How to prepare for a video interview

Author: Peter Hogg
Posting date: 19/03/2020
How to prepare for a video interview

Life sciences organisations have grown to embrace the ease and accessibility of online tools and technologies to connect with applicants and video conferencing has completely changed the landscape in which recruiters and hiring managers can assess candidates for vacant roles.

At Proclinical, our experience of facilitating video interviews is that they are an extremely efficient way for businesses, in a global industry such as ours, to assess candidates. They are particularly effective for first-stage assessments, before inviting shortlisted individuals to travel from afar to meet face-to-face – saving time and money for the interviewer and interviewee alike. Video interviews can either be live or prerecorded – which is very convenient for aligning schedules, particularly when applicants are in different time zones.

Just as with any other type of interview, applicants need to properly prepare for a video call if you are going to stand out against other candidates. This includes conducting mock interviews, ensuring that your technical equipment is properly setup, and managing your non-verbal cues which will be at the forefront during interviews of this nature.
Use these 10 tips to ensure you make a great impression in your next video interview:

1. Check your internet connection in advance

A poor internet connection can make or break the success of your interview. It is always best to have your computer physically connected to your internet router. If you’re relying on Wi-Fi, then you have to be prepared for the unexpected, so have a back-up plan, such as connecting to your phone’s 4G signal. The ideal connection speed for a video interview is 10Mbps or higher. If you’re not sure what speed your computer is you can test your connection beforehand by using a site such as Ookla.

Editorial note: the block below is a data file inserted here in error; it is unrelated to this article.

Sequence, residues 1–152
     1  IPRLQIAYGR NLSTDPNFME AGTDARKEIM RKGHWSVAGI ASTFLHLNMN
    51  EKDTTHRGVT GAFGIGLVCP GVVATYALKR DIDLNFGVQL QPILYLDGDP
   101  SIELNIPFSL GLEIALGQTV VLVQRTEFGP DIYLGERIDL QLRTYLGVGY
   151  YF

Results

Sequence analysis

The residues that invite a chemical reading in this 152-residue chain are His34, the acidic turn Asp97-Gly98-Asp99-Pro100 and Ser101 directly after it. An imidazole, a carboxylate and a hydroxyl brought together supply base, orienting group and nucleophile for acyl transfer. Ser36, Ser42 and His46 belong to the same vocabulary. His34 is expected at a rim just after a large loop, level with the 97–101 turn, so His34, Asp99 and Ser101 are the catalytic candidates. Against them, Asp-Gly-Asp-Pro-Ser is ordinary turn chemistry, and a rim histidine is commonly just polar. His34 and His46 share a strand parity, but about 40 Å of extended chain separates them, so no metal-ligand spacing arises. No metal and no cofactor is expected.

2. Get some privacy

If you are at home for your video interview, be sure to inform others who may be in the house not to disturb you. If you have young children or pets at home, ask a friend or partner to supervise them during the call if possible. Set your phone to ‘do not disturb’ and lock the door if you can. While you might get sympathy from some interviewers, others consider interruptions or background commotion to be unprofessional. Worse is that it can completely throw you off your game. An embarrassing distraction can leave you flustered and unable to think clearly about your responses, severely impacting your performance and your chances of getting the job.

3. Use a headset

Using a headset during a video interview is recommended but not mandatory. Although your webcam or laptop may have a built-in microphone, it is likely to pick up more ambient or background noise than a headset. Furthermore, built-in microphones may not carry your voice as clearly as you would like, which can affect your interviewer’s ability to clearly understand your responses to their questions during the interview. When in doubt, plug in your headset.

4. Choose a plain background

Don’t let the informal setting of a video interview fool you – your background is also a very important factor. It is always better to have a neutral or plain background to avoid any distractions and keep the interviewer’s focus on you. Avoid having any posters, photos, mirrors, laundry or a pile of clutter in plain sight. If you’re conducting the video interview on a desktop and you can’t do much about certain background elements, then simply use an inexpensive screen or a solid colour curtain as a disguise.